The employer should consider the objections and suggestions received from the workers and make necessary modifications to the draft standing orders.


4. Submission of Standing Orders

The employer should submit five copies of the draft standing orders, along with a notice of the date on which they were displayed, the objections and suggestions received, and the modifications made, to the certifying officer.


5. Appointment of Certifying Officer

The appropriate government appoints a certifying officer who is responsible for certifying the standing orders.


6. Enquiry by Certifying Officer

The certifying officer conducts an inquiry to ensure that the standing orders comply with the provisions of the Industrial Employment (Standing Orders) Act, 1946, and that they are fair and reasonable.


7. Issuance of Certificate

If the certifying officer is satisfied that the standing orders comply with the provisions of the Act, he issues a certificate of certification of the standing orders.


8. Publication of Standing Orders

The employer is required to prominently display the certified standing orders at the workplace in a language understood by the majority of the workers.


The certification of standing orders is a crucial step to ensure that the workers are aware of their rights and duties, and to provide a framework for the orderly conduct of industrial establishments.



Duration of certification

The duration for certification of standing orders under the Industrial Employment (Standing Orders) Act, 1946 may vary depending on the complexity of the case and the workload of the certifying officer. However, the act specifies that the certifying officer should complete the inquiry and issue the certificate of certification or make an order within 45 days of the receipt of the draft standing orders.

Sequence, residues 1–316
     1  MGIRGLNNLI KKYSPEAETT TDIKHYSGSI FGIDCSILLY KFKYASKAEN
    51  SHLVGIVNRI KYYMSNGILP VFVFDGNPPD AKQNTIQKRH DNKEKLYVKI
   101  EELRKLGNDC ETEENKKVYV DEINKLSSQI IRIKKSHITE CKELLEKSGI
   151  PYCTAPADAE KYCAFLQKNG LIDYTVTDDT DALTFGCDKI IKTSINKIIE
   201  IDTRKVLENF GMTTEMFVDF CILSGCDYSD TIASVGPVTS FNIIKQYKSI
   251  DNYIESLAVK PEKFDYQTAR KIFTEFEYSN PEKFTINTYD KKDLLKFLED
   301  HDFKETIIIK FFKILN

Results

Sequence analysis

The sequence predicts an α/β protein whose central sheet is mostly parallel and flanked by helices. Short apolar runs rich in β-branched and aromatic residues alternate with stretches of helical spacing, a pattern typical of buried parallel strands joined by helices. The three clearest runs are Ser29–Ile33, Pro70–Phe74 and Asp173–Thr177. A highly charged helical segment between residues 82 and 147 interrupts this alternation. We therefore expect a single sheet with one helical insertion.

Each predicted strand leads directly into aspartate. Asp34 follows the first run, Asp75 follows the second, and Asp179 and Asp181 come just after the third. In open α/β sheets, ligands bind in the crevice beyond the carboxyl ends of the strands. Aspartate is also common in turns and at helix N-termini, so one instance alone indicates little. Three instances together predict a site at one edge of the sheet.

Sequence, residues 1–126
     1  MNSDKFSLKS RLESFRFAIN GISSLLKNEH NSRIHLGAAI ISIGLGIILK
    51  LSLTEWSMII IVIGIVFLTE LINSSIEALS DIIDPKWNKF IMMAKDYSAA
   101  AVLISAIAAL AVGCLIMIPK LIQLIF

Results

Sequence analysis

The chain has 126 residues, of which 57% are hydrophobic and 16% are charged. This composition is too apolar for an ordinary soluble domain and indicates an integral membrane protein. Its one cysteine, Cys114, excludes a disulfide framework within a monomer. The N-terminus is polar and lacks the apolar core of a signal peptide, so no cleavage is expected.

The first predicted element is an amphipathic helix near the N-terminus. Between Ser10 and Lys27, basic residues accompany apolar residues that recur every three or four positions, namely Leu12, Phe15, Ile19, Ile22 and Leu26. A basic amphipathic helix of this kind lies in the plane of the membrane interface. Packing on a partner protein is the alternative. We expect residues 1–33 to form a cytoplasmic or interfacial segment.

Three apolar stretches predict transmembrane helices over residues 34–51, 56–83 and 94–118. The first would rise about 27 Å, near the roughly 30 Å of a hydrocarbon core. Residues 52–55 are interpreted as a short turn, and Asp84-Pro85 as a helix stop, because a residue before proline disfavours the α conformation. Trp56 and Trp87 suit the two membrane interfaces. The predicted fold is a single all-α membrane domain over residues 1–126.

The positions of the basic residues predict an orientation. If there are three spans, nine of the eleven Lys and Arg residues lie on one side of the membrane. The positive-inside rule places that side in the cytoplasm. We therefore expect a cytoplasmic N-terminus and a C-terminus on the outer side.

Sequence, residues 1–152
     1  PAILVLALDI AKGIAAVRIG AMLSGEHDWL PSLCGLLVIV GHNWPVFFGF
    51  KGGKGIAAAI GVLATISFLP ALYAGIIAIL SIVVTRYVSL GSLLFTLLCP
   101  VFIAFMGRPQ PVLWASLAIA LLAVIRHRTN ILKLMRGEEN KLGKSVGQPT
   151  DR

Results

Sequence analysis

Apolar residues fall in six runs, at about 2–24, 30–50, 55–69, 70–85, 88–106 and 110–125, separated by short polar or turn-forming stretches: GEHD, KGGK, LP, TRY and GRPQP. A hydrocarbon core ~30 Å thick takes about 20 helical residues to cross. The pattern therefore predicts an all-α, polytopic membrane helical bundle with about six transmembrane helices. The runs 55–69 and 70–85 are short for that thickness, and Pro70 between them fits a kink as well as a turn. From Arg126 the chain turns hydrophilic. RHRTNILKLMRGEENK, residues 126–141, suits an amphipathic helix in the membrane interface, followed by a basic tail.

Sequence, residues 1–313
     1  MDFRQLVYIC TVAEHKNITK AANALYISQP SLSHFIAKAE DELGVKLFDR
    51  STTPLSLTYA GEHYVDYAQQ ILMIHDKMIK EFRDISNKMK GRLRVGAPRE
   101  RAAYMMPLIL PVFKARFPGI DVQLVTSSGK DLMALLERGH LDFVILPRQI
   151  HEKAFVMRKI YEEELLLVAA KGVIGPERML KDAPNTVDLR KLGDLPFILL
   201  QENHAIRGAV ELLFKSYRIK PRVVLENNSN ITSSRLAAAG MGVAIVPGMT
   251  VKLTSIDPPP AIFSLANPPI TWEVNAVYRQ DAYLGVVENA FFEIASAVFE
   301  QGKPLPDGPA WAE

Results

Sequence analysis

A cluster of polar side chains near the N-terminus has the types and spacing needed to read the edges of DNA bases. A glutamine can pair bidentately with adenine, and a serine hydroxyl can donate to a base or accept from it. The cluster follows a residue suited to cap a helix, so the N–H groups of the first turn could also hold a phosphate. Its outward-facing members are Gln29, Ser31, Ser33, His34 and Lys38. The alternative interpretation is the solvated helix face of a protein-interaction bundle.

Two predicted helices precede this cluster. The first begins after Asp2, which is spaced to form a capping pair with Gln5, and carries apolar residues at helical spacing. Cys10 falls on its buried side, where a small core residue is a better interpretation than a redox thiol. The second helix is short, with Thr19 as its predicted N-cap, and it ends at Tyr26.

If the certifying officer is unable to issue the certificate of certification or make an order within the specified period of 45 days, he may extend the period for a further period not exceeding 45 days, with the prior approval of the appropriate government.


It is important to note that the 45-day period or the extended period of 45 days is the maximum time limit specified by the act for certification of standing orders. The certifying officer should strive to complete the inquiry and issue the certificate of certification or make an order as soon as possible to ensure that the workers are aware of their rights and duties and that the industrial establishment is governed by a framework of fair and reasonable rules and regulations.



Modification of certified standing orders

Under the Industrial Employment (Standing Orders) Act, 1946, certified standing orders can be modified by the employer or the workers through a process known as "modification of standing orders."


The procedure for modification of certified standing orders is as follows:


1. Giving Notice of Proposed Modification

The employer or the workers should give notice of the proposed modification to the other party at least 21 days before the date of the proposed modification.


2. Holding of Negotiations

The employer and the workers should negotiate the proposed modification in good faith, and they may refer the matter to a conciliation officer if they are unable to reach an agreement.


3. Certification of Modified Standing Orders

If the employer and the workers reach an agreement on the proposed modification, they should submit the modified standing orders to the certifying officer for certification. The certifying officer will conduct an inquiry to ensure that the modification complies with the provisions of the Industrial Employment (Standing Orders) Act, 1946, and that it is fair and reasonable. If the certifying officer is satisfied, he will issue a certificate of certification of the modified standing orders.


4. Publication of Modified Standing Orders

The employer should prominently display the modified standing orders, along with the certificate of certification, at the workplace in a language understood by the majority of the workers.